In the past few months, there have been instances of illegal activities carried out by officers who are supposed to uphold the law in several prisons in South Carolina.
In January, a total of seven officers were arrested at the Alvin S. Glenn Detention Center in Richland County. These arrests mark a significant step in the ongoing efforts to crack down on contraband within the prison.
The Richland County Sheriff’s Department has been conducting investigations since mid-January. These investigations were prompted by a letter from the South Carolina Department of Corrections to the County Administrator. The letter warned that unless the county addresses the numerous violations within 90 days, the Alvin S. Glenn detention center may face closure. As a result of the investigations, several arrests have been made. The charges include contraband or misconduct. Among those arrested are two employees from Allied Universal Security, a third-party company, as well as five individuals directly hired by the detention center.
Richland County Administrator Leonardo Brown expressed his strong disapproval of the deceitful actions that compromised the security of the facility and put the well-being of its occupants at risk. The employees involved have been placed on unpaid leave and their termination is pending a decision by County Administrator Leonardo Brown. Sheriff Leon Lott took a firm stance on the matter, stating that any employees who betray their oaths will face consequences similar to those faced by inmates.
Officers engaging in illegal activity is not limited to just the Alvin S. Glenn Detention Center in South Carolina.
The South Carolina Department of Juvenile Justice (SCDJJ) has encountered several obstacles in recent months, with officers facing allegations of misconduct. In mid-December, officers Jessica Norton of Lexington and Ayotunde Roane of Columbia were charged with misconduct in office due to their inappropriate contact with youth. While specific details about the incidents are still unclear, both officers chose to resign from their positions as juvenile correction officers.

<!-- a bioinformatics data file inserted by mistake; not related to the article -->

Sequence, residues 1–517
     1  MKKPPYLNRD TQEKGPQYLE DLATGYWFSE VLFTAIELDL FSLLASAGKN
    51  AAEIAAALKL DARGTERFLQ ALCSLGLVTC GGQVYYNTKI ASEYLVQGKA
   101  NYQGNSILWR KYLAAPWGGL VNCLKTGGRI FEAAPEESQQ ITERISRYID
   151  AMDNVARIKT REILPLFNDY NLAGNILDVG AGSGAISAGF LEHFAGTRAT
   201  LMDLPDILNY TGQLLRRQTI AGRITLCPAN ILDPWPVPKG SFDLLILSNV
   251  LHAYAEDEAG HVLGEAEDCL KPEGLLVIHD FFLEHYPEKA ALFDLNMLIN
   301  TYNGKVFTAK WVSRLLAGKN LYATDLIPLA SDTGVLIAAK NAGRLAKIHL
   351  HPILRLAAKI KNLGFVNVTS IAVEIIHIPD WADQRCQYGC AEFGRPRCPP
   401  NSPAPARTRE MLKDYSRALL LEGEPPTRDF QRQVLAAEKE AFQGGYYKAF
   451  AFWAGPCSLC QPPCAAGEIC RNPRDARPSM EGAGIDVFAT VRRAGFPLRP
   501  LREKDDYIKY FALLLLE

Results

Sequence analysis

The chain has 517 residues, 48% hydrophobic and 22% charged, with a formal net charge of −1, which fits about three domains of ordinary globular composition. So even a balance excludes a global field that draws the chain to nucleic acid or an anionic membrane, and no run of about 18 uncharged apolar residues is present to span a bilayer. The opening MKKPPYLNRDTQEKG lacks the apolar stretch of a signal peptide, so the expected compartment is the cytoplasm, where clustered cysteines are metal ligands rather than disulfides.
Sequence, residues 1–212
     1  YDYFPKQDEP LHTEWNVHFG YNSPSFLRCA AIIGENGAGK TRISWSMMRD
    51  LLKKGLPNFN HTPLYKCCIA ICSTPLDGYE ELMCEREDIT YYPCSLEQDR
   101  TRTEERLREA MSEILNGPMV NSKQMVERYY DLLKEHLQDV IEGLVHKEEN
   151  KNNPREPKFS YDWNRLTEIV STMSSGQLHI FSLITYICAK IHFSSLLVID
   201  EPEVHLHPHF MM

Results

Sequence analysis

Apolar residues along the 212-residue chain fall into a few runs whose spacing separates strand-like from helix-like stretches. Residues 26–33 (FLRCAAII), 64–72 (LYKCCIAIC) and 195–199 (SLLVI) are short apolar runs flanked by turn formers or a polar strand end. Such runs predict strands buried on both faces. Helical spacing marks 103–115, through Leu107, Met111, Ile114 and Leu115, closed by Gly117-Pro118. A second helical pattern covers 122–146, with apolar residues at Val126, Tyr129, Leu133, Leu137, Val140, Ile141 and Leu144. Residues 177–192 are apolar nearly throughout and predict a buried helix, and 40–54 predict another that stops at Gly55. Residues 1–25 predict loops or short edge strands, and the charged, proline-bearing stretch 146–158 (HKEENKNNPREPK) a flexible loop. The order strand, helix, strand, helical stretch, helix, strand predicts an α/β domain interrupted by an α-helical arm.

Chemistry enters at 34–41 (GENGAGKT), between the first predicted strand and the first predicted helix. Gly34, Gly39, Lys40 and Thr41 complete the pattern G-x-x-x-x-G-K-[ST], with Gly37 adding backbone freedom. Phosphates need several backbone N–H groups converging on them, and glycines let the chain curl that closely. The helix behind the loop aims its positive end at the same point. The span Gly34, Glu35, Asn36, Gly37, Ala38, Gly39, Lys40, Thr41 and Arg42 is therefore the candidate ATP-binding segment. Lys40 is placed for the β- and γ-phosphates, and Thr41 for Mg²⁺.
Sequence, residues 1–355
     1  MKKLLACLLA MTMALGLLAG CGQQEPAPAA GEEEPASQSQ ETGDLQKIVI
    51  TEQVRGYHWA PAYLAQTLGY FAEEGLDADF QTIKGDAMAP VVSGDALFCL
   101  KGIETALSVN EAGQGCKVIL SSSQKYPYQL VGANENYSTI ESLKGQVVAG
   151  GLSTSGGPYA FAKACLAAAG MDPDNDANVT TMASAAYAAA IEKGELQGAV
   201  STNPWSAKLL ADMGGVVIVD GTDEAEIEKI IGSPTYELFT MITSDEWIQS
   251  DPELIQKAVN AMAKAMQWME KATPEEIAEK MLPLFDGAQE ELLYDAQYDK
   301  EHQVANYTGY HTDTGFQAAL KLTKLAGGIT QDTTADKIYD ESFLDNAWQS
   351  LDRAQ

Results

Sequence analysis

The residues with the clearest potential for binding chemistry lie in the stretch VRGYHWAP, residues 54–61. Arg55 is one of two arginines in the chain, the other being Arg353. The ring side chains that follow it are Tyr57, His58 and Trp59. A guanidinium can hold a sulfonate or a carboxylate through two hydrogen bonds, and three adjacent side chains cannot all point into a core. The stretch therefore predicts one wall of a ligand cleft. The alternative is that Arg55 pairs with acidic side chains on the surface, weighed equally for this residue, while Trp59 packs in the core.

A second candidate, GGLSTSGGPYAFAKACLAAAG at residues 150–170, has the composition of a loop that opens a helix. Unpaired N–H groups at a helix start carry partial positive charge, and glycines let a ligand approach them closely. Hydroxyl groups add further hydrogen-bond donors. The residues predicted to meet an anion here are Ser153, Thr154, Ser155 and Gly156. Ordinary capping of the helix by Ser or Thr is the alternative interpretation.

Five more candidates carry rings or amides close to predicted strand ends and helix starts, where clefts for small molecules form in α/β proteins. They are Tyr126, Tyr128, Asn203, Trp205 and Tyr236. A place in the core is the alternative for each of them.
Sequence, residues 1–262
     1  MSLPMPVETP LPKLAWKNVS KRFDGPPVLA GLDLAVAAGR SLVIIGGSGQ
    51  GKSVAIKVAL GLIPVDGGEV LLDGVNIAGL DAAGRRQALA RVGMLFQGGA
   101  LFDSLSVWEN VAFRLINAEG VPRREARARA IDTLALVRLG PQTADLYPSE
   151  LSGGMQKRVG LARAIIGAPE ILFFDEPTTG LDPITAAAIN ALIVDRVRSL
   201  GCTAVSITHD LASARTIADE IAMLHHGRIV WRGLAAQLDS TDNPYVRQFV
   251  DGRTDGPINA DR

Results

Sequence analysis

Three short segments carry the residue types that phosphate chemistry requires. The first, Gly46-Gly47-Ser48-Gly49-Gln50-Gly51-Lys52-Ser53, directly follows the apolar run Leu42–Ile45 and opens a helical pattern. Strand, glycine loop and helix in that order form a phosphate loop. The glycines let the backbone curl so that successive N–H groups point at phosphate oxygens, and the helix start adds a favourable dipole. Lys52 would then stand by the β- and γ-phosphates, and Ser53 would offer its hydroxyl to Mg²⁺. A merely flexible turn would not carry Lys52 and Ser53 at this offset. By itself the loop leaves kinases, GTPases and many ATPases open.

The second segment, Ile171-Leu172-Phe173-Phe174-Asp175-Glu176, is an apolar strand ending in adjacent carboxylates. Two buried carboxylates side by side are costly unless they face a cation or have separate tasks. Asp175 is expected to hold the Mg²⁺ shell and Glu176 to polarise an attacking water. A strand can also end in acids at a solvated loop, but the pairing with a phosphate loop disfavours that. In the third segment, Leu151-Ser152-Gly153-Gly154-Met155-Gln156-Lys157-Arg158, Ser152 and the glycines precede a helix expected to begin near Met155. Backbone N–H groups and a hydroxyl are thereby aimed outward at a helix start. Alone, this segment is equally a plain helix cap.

Alexander Howell, a 33-year-old juvenile correction officer, got arrested a few days ago for receiving financial payment from youth in DJJ care in exchange for contraband. After a thorough investigation, Howell was fired from his position and is currently being held at the Alvin S. Glenn Detention Center.
In early November, Alicia J. Johnson, a 23-year-old juvenile correctional officer, was dismissed from her position for supplying contraband to young individuals, which included several vape pens. Johnson is now facing charges of adult furnishing contraband to a juvenile and misconduct in office.
In early October 2023, Shaki Franklin-Johnson, a 26-year-old juvenile correctional officer, found herself facing charges of petit larceny and misconduct in office. The allegations stated that she had taken $650 from a secured location. Franklin-Johnson voluntarily surrendered to SCDJJ’s Public Safety Criminal Investigator and is currently out on bond. These incidents serve as a reminder of the challenges faced within the SCDJJ and the crucial need to address misconduct in order to uphold the safety and integrity of juvenile justice facilities.
In 2023, the McCormick Correctional Institution carried out investigations that resulted in the apprehension of a minimum of eight officers. South Carolina Attorney General Alan Wilson disclosed indictments from a state grand jury, which accused these officers of misconduct in office. These indictments are part of a broader investigation into sexual misconduct with inmates, money laundering, and smuggling contraband.
During a news conference, Wilson highlighted the significant effects of public corruption and contraband cellphones, connecting them to violent crimes, drug trafficking, and child sex crimes. The investigation, referred to as “Operation Gatekeeper,” led to misconduct charges against Whitney Thurmond, Dontai Parks, and Brandon Taylor in November 2023. These charges could potentially result in a maximum prison sentence of 10 years.
South Carolina prisons are grappling with a persistent issue of corruption and misconduct among active officers. Recent arrests indicate a concerted effort to address and eliminate this problem.
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